My two cents on SlutWalk and victim-blaming
The recent SlutWalk event in Singapore has triggered arguments on both sides – those who oppose it and those who support it. On one side, we have those who want women to, basically, take responsibility for the way they dress, how they behave, etc. This borders on saying women who get raped or sexually assaulted have themselves to blame because of the way they dress, for getting drunk or for going out with strangers, among many other reasons proffered.
One such opponent of SlutWalk even demands “academic studies” and “scholarly” proof to show that there is a victim-blaming culture in Singapore, at least. Apparently, he fails to understand the nature of such assaults, and the psychological impact and confusion faced by victims who, more often than not – and aided by certain legislations in law which prevents them from reporting such violence, let alone subject themselves to “academic” or “scholarly” studies which the writer demands as proof – are too frightened or terrified, or too ashamed to step forth.
On the other side, the supporters say women have the right to do as they please and that it is the men, mostly, who are solely responsible for the assaults.
I stand with the latter.
On 8 December, the Pennsylvania Liquor Board withdrew an advert on drinking, targeting women who get drunk. The ad says:
“She didn’t want to do it, but she couldn’t say no.”
“When your friends drink, they can end up making bad decisions, like going home with someone they don’t know very well… Decisions like that leave them vulnerable to dangers like date rape . Help your friends stay in control and stay safe.”
No where in that ad does it say to the men: “Don’t rape.”
It, quite ridiculously, lays the blame on the victim, and even on her friends.
When we start rationalising and explain away the assault in such a fashion, we open ourselves up to all sorts of manoeuvres to lighten the guilt of the perpetrator of rape and sexual assaults.
To my mind, this is abhorrent.
It is not the alcohol, or the way a woman dresses, or the dark alley in which she walks, which rapes her.
It is men who rape.
It is naïve, really, to think that if a woman avoids all these potentially dangerous situations that she won’t get raped or assaulted. It is also just as naïve to think that we can reach an utopia where all women will take such precautionary measures, or that such measures are always available to them.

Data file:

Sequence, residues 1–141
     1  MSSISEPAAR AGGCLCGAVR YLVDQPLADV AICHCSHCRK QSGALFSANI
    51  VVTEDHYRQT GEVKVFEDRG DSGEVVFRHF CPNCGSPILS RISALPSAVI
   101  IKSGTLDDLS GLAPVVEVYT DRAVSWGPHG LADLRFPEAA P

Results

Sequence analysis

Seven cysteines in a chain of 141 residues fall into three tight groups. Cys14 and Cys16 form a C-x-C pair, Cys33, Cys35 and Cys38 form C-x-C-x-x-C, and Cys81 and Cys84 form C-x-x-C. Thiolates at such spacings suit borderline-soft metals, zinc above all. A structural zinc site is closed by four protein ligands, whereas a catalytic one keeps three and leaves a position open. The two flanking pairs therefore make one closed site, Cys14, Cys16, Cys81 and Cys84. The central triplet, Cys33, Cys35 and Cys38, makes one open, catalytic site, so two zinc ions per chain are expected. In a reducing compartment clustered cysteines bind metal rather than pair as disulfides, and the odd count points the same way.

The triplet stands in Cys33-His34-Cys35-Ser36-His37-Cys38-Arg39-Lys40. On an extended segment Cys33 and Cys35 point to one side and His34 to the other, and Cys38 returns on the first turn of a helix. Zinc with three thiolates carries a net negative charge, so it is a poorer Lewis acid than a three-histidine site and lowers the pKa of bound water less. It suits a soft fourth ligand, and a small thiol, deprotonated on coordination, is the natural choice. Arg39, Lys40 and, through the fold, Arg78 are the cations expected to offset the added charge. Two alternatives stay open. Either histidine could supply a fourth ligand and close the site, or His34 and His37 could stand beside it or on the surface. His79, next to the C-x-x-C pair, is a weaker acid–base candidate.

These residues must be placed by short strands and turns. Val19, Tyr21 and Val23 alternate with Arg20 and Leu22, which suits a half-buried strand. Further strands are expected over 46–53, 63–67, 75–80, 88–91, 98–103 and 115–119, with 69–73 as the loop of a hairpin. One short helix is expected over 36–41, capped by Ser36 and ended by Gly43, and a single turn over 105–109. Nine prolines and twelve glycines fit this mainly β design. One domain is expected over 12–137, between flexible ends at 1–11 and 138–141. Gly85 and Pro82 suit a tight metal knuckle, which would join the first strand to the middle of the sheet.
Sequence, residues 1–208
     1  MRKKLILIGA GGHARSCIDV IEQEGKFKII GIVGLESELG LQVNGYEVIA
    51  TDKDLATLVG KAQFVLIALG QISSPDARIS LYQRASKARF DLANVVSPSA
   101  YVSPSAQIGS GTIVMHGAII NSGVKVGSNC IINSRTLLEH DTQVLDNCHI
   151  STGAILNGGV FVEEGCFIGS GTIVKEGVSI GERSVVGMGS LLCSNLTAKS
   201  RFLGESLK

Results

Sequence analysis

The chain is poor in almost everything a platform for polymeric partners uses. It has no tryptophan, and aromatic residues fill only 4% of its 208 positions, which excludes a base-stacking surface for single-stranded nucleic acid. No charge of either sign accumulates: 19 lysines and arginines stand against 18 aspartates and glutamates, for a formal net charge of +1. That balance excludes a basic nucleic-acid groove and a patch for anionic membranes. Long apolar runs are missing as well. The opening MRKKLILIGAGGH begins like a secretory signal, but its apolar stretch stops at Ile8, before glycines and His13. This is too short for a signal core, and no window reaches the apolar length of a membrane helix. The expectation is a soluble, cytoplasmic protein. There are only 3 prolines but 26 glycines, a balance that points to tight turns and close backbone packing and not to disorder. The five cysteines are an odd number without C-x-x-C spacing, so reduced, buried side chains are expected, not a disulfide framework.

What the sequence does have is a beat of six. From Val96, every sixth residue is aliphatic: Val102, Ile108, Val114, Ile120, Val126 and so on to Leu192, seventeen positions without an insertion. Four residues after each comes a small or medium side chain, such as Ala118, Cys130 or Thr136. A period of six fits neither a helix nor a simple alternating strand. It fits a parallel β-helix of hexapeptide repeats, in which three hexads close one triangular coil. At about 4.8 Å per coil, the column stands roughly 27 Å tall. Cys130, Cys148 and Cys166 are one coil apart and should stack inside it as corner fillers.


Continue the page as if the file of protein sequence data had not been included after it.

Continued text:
It is more important and accurate to get the message to men that whatever the situation, raping or sexually assaulting a woman, especially in situations when she is vulnerable – like when she is drunk – is unacceptable.
And there should and must be no two ways about this.
What we need are laws which will drive the message home and perpetrators must be punished severely.
We advocate, even those who oppose SlutWalk, freedom. And this necessarily includes personal freedom. Women, and indeed men, must be allowed to do as they want, within the proscribed limits of the law. And except for several countries, there are no such prescriptions in most countries where women are supposed to dress according to state dictates, for example, or that they aren’t allowed to drink beyond a certain limit, or that they aren’t allowed to walk in a dark alley.
Having said that, I also agree that as far as we can, we should avoid situations where we may face danger. But this is different from saying that the victims of assaults are to blame for the assaults.
One can caution without pointing the finger at the women as being guilty for the assaults.
Advising caution is different from saying the woman is guilty for the assault.
For if we accept that women are to blame, fully or even partially, for such violence carried out on them, we run the risk of women not daring to step up to seek justice and punishment for what the rapist or the assailant has done.
Indeed, Singapore’s Section 157(d) of the Evidence Act is believed to have been responsible for women and girls being afraid to report acts of such violence visited on them.
It is thus good news that the government is repealing the Act.
In short, the onus must be on the man to know when to stop, and to know that whatever the situation, a woman’s body does not, ever, belong to him.
And this is the fundamental point which opponents may have lost in their argument.
As someone said, a woman’s body is not public property.
And the message instead should be to the men: “Don’t rape.”
Yes, full stop to that too.
And no need for “academic” or “scholarly” studies before putting this message out to the men.
It is simple enough, no?